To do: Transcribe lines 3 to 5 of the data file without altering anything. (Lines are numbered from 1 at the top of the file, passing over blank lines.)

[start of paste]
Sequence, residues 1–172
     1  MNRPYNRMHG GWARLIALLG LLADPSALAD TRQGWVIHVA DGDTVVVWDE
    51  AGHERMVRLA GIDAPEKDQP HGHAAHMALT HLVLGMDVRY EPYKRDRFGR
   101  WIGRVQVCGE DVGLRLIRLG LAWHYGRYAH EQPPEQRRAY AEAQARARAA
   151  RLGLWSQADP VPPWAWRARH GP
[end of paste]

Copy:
    51  AGHERMVRLA GIDAPEKDQP HGHAAHMALT HLVLGMDVRY EPYKRDRFGR
   101  WIGRVQVCGE DVGLRLIRLG LAWHYGRYAH EQPPEQRRAY AEAQARARAA
   151  RLGLWSQADP VPPWAWRARH GP